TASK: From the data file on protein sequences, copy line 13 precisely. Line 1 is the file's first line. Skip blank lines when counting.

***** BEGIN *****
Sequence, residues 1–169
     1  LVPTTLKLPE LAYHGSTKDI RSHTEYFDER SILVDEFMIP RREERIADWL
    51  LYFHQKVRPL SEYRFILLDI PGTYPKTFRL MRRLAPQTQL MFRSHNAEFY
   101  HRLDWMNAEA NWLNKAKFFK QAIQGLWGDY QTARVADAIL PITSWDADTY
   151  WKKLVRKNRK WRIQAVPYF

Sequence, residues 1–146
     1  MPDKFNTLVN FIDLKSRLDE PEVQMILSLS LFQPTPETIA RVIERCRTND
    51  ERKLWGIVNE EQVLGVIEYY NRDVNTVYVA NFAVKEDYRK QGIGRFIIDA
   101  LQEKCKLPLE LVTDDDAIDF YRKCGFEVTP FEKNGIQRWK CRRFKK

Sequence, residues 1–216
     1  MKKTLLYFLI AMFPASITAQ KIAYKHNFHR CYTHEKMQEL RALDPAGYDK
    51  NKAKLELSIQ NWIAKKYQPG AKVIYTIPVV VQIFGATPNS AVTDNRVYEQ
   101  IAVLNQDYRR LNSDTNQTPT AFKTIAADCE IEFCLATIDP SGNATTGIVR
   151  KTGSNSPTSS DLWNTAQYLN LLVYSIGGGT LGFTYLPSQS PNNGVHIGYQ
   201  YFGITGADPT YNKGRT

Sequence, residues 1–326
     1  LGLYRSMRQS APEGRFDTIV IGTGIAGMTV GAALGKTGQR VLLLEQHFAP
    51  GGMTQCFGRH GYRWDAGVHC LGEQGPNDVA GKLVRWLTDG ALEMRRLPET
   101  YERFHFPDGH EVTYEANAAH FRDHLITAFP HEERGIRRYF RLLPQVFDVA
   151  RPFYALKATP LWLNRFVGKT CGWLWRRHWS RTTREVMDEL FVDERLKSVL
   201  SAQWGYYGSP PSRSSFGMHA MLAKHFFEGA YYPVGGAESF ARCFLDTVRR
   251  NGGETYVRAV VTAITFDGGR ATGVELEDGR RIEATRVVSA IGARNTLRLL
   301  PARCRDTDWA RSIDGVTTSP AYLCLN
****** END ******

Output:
   101  IAVLNQDYRR LNSDTNQTPT AFKTIAADCE IEFCLATIDP SGNATTGIVR